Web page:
Windows XP lives again? Registry hack grants security updates until 2019

windows xp lives registry hack reportedly grants updates 2019

By now, you’re probably well aware of the fact that Microsoft decided to end support for Windows XP on April 8. But what if there was a secret way to get around Microsoft’s refusal to continue providing support, and receive Windows XP security updates anyway?

It appears that such a workaround may indeed exist.

Though the consumer oriented versions of Windows XP are no longer officially supported, there are still many systems running on a version of the OS dubbed Windows Embedded Industry, which continues to receive updates. Windows Embedded Industry is made for devices like retail kiosks, point-of-sale terminals, and similar devices. If you’ve ever run into a frozen train ticket vending machine and wondered why the on-screen image looks like Windows XP, it might have been running Windows Embedded Industry, which is based on Windows XP Service Pack 3.

Using a fairly simple registry tweak, you can allegedly pull the updates meant for use with Windows Embedded Industry to your Windows XP PC. These updates are more or less the same ones that you’d receive if Microsoft were still supporting the consumer-focused flavors of XP, so with these updates, your PC may be pretty well guarded on the Web.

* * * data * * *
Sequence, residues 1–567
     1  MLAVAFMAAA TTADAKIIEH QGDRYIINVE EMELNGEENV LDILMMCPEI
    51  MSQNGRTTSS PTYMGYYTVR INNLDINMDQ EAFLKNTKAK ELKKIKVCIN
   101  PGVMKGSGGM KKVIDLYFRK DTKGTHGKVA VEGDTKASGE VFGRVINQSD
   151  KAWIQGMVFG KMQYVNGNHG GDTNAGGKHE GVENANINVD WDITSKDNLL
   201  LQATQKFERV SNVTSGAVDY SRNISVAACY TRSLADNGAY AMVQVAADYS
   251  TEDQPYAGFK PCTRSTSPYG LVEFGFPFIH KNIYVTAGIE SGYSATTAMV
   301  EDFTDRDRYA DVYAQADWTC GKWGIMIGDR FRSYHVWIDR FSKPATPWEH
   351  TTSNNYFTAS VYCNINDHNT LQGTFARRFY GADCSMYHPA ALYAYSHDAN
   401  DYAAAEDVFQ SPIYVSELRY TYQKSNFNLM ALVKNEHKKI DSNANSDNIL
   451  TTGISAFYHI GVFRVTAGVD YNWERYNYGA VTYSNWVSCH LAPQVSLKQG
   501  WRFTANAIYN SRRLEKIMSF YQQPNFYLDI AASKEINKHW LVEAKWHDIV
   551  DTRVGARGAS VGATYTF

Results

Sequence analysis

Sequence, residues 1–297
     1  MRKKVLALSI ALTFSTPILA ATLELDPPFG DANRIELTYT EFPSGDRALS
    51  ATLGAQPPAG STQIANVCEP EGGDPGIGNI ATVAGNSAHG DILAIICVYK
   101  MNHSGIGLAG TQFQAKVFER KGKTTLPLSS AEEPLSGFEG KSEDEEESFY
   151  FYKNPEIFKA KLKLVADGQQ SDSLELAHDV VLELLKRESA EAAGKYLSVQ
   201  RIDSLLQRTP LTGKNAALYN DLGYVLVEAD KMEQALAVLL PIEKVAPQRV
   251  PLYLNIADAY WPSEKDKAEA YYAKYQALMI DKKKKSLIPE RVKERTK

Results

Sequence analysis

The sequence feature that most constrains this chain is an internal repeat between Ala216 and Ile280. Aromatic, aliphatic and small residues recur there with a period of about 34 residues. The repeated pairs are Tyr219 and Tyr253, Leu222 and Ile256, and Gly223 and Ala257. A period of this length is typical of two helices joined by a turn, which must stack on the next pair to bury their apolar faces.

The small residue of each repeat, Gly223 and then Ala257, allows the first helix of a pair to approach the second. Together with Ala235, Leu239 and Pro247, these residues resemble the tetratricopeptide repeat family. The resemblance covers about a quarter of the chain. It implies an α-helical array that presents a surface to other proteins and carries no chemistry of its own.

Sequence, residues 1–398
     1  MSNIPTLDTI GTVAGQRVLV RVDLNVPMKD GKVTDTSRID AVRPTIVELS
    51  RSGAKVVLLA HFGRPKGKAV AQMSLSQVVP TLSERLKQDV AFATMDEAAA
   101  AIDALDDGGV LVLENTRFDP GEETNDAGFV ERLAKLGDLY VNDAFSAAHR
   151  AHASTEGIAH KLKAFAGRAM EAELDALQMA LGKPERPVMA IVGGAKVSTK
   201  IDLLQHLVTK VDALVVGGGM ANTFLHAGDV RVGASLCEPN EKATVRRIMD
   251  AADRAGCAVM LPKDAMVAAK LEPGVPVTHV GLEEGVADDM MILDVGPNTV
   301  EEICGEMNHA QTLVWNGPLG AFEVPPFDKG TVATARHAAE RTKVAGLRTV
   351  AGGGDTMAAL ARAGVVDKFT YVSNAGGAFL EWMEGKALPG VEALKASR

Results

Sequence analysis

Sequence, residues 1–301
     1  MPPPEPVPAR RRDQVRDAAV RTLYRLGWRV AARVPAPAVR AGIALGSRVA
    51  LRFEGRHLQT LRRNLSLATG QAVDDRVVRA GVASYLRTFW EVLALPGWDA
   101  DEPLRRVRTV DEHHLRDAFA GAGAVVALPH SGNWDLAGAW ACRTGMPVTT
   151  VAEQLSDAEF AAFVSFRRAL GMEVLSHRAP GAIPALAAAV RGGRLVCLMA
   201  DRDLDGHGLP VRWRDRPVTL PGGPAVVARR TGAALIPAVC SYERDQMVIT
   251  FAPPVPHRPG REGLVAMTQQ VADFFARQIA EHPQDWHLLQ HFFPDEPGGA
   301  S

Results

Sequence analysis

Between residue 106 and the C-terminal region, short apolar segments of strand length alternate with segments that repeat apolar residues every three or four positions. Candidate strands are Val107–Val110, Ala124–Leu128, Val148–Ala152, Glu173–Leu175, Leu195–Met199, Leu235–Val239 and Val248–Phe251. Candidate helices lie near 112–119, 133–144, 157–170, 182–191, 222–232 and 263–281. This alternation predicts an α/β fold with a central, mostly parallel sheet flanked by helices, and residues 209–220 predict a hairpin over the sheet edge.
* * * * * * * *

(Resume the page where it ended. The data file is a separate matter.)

By using such methods, you could provide your Windows XP PC with a form of support until April 9, 2019, according to this Microsoft life cycle fact sheet (here, the OS whose updates you would be pulling is officially called Windows Embedded POSReady 2009).There are two versions of this hack available: one for the 32-bit versions of Windows XP, and another for the 64-bit variants.

Keep in mind that using such trickery always comes with risks, so we can’t by any means say that this is a fool-proof measure, which will allow your system to run free through the Internet while going unscathed by malware and other cyber-ickyness. Therefore, you should use these hacks, and these updates, all at your own risk. 

Could Microsoft simply plug this hole and make it impossible to use these hacks? Perhaps, and only time will tell whether Redmond will choose to take such actions.

However, by doing so, they’d only upset consumers. Then, you might begin to find cheaper Chromebooks a bit more appealing.

We’ll follow up shortly with how-tos that will tell you how to get your hands on these updates.